As you begin reading this article, your current recipe development may be in one of the following 4 stages. 

What stage are you in?  

    1. Recipes are in place and being used. You are curious to see if there is something new to learn. If that is the case and you have any tips of your own, please share them in the comments. We never stop learning.
    2. You have some recipes, but you are looking for a bit of information because you think something is missing.
    3. You are ready to build recipes and want to learn the ins and outs beforehand.
    4. You are not sure if it is worth investing the time. You or your team are coming up with reasons why recipes are not important. Do any of the following sound familiar?
      • They take too long to write
      • Recipes slow down the process
      • Employees know how to make everything and what the standards are
      • “You know chefs, they don’t share their recipes with everyone”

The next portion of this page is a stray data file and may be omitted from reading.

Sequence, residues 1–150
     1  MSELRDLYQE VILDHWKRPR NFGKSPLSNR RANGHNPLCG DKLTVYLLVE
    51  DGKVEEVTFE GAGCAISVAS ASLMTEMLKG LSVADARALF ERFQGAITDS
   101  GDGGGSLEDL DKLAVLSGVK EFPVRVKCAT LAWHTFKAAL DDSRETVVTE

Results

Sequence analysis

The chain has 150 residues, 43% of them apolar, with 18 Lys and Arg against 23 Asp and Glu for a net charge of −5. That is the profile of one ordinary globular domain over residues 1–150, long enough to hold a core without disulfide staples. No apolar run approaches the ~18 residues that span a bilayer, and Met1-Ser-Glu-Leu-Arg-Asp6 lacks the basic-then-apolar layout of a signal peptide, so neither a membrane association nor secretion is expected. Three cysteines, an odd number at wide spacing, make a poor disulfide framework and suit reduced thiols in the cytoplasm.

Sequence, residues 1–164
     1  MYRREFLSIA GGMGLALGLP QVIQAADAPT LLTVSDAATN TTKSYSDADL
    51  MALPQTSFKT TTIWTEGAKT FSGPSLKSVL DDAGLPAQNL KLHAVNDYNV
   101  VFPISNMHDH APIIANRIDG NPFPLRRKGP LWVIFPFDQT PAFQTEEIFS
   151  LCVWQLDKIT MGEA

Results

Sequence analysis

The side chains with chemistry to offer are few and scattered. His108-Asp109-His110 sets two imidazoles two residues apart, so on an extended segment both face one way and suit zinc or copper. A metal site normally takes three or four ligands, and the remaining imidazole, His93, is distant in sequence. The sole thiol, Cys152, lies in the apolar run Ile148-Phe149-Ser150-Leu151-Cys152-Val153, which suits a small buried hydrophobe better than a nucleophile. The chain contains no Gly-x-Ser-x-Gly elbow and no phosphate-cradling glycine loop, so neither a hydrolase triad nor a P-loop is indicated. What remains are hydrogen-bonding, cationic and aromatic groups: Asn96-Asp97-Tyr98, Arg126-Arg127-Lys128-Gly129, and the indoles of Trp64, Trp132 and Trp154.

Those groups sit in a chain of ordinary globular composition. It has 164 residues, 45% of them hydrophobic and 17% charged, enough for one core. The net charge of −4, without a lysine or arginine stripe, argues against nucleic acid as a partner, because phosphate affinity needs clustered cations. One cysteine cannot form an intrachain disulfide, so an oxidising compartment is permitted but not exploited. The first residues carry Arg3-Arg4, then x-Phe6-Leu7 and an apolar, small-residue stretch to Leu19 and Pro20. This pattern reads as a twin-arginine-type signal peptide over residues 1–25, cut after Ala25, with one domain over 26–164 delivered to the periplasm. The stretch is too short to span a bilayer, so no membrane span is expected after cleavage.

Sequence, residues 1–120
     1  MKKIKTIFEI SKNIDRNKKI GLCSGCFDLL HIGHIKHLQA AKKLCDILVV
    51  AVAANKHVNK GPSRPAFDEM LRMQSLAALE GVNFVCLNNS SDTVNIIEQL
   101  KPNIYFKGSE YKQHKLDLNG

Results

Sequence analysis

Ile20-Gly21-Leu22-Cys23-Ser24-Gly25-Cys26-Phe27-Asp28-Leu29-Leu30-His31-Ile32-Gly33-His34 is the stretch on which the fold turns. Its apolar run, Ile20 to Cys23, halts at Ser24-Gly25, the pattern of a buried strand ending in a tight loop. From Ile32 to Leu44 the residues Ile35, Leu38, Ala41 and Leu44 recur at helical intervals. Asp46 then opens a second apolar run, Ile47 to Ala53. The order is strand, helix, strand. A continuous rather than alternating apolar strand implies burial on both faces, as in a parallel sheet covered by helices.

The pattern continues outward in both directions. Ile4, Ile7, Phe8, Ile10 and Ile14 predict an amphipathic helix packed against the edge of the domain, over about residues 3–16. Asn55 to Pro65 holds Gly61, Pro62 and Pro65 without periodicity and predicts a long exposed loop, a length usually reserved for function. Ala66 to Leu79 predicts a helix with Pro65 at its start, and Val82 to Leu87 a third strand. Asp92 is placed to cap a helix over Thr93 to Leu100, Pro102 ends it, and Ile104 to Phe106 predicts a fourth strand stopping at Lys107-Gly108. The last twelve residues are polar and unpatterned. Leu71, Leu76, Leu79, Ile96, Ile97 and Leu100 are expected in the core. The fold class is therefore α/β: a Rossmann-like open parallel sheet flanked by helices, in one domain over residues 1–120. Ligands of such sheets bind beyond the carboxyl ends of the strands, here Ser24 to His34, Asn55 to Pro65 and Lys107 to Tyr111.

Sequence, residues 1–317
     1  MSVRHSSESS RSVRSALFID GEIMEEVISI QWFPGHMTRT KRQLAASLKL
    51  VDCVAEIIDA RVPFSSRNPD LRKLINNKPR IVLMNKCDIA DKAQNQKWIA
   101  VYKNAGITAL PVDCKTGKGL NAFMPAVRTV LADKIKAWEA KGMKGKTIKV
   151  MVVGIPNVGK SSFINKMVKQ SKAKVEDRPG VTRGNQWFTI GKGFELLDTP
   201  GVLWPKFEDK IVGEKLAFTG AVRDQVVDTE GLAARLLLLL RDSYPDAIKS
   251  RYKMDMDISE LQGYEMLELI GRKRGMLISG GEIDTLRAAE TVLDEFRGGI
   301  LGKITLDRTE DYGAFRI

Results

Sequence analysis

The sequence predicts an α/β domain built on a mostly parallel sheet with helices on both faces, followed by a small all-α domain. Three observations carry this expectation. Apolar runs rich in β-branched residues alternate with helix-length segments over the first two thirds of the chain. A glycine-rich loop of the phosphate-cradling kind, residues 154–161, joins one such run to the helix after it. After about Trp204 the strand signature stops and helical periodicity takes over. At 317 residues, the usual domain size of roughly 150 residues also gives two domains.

No matter what stage you’re at I encourage you to read on. There is always something new to learn. Even if you are on the fence, you will see that despite it being a big undertaking, with the right approach, it is not as bad as you think. It will be worth the effort.

    Recipes do not slow down the process; they save training time and ensure everyone prepares food the same way, which is essentially the most efficient way.

    Your employees may be good, but do they make everything the exact same way? I’ll guess that if you were to ask them, they would all have their own variation of doing everything.